Marcy-Holmes examines two micro-unit apartment buildings

DJR Architecture and North Bay Companies presented two 72-unit micro-apartments to the neighborhood Tuesday.

A rendering of 1103 & 1121 4th St. SE developments.

A rendering of 1103 & 1121 4th St. SE developments.

Erin Wilson

The latest developments in the Marcy-Holmes neighborhood include single-occupancy, micro-units. 

DJR Architecture Inc. and North Bay Companies presented two potential micro-unit apartments in Dinkytown to the Marcy-Holmes Neighborhood Association’s land use committee Tuesday. The two 72-unit apartments would be located at 1103 and 1121 4th St. SE. There are currently four houses at the developments’ addresses. 

Micro-apartments, or small single-room units, see high demand in student areas, said Scott Nelson, principal director of architecture with DJR. He said while the building isn’t restricted, he expects most of the tenants to be students. 

“There’s a lot of folks, students or otherwise, that would like to have their own place — their own four walls, their own bathroom, kitchenette — yet still have the opportunity to socialize with neighbors,” he said. 

Grant Simons, Minnesota Student Association governmental and legislative affairs coordinator for local advocacy, said three- and four-bedroom apartments are more cost-effective because students can split the price.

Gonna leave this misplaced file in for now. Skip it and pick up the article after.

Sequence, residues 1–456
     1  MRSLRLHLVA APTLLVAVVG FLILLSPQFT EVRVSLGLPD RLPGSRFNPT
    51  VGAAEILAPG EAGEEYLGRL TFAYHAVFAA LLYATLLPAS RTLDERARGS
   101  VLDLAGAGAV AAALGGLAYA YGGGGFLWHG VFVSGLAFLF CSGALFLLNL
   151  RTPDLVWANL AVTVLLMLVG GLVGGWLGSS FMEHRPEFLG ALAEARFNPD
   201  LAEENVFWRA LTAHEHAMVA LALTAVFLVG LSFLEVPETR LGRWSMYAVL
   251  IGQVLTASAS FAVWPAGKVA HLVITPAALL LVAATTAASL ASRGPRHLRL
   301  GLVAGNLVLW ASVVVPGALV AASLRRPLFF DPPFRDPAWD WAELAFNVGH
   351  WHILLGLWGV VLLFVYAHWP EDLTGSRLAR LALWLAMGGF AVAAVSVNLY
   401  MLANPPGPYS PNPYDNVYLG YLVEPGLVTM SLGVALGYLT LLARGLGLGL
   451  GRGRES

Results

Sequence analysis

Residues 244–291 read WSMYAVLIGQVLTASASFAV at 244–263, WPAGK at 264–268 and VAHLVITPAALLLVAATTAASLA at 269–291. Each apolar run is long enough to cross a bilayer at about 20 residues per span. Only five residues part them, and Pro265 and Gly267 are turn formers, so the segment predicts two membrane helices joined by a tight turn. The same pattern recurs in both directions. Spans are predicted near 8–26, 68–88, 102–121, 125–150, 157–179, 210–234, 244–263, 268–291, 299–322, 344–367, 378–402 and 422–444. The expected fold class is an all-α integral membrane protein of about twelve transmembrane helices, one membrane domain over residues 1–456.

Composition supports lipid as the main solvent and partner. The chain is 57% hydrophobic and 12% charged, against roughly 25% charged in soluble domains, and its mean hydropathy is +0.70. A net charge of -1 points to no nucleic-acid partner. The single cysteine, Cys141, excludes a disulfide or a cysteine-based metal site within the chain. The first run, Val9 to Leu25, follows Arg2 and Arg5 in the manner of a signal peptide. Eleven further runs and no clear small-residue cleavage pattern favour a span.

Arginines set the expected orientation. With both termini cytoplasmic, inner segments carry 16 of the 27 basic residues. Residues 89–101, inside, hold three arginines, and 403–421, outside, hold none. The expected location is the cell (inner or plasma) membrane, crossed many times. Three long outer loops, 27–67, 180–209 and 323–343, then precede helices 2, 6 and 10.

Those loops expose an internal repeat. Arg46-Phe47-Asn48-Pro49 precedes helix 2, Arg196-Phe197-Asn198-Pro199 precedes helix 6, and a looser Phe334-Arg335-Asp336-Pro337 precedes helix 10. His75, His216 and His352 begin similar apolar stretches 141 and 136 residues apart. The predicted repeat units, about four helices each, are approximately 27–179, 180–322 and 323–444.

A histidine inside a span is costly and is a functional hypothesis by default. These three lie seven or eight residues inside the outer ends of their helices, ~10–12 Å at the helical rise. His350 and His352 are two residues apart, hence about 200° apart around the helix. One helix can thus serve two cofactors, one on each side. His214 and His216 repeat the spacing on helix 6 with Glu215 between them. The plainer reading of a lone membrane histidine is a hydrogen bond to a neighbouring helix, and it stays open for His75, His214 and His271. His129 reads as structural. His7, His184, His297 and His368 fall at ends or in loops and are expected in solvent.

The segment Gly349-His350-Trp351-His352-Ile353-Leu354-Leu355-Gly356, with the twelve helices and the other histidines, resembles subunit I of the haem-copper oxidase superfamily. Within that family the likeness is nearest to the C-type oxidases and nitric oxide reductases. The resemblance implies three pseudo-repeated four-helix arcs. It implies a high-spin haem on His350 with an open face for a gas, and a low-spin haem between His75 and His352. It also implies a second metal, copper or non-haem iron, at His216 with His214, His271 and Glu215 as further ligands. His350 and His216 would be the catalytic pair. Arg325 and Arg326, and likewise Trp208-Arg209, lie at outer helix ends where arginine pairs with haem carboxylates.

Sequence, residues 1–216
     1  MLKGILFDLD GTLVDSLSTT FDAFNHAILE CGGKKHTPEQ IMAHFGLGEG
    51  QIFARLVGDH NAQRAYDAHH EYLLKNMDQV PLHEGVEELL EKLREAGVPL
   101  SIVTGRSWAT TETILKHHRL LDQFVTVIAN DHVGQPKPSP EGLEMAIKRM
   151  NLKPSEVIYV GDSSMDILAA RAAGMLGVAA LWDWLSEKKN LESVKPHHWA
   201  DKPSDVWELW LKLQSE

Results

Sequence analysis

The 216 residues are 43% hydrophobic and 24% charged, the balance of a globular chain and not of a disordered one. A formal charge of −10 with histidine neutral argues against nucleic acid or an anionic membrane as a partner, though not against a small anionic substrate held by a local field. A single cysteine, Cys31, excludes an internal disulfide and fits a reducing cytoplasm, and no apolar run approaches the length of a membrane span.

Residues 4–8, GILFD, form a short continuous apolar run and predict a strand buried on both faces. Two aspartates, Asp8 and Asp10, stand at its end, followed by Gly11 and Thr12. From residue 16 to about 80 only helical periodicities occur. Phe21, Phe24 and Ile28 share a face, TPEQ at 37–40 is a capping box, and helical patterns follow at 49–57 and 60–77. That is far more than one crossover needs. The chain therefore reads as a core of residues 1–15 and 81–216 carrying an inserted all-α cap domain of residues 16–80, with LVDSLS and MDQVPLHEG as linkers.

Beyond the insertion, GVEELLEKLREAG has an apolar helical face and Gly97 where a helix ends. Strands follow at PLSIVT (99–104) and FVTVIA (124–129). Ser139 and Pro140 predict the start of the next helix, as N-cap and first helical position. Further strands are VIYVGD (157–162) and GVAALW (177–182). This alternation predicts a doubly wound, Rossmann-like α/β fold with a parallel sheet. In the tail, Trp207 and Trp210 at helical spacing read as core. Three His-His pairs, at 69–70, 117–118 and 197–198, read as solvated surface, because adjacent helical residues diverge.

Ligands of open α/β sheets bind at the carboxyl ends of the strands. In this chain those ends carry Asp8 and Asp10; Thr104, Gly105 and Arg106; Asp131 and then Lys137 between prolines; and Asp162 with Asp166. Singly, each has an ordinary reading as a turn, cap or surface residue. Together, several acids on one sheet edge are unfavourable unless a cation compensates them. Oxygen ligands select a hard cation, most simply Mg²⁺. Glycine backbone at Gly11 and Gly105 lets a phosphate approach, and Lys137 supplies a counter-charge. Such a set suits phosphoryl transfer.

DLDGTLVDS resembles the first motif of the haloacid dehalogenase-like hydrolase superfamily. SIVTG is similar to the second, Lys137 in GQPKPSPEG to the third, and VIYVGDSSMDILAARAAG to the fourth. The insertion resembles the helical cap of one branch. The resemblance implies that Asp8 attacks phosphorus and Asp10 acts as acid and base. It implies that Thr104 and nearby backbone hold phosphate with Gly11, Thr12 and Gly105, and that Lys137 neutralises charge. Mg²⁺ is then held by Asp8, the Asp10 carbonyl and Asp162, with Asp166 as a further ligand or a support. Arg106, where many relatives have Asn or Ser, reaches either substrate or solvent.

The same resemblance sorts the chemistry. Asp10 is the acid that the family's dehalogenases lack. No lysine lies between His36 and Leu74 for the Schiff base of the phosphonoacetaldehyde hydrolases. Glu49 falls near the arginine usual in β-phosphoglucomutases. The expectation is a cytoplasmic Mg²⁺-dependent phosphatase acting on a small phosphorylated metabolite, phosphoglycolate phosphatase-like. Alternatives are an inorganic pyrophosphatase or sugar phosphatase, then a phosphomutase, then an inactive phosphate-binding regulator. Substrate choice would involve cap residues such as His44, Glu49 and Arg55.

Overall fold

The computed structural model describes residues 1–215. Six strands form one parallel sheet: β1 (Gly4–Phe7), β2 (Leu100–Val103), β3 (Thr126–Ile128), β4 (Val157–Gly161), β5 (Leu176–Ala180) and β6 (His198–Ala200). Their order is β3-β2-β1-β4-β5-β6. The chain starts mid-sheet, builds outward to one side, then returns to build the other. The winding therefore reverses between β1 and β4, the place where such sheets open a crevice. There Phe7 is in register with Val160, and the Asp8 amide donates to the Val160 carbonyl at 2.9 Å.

“I am not the biggest fan of [micro-units] personally,” Simons said. “I don’t know that many people that want their own small space … especially on 4th Street where there’s so many people.”

Marcy Holmes Land Use and Development Chair Marcus Mills said while the project’s occupancy will benefit the area, he worries the design is too similar to other nearby developments.

“I look at density as a general positive, trying to achieve greater kind of living conditions for everybody, and density usually allows for … a lot of people to be capable of enjoying various amenities around the city. So it usually helps.”

Mills said a project with an unoriginal design won’t generate community enthusiasm despite its advantages.  

“My only issue is, make a worthwhile and interesting project. It helps the businesses … it gives the residents a sense of pride in the building. It does so much for the neighborhood,” he said. 

The project’s next step is the City planning commission this spring, with construction ideally beginning in June, Nelson said. A 12-month construction period puts the project completion into the summer of 2020.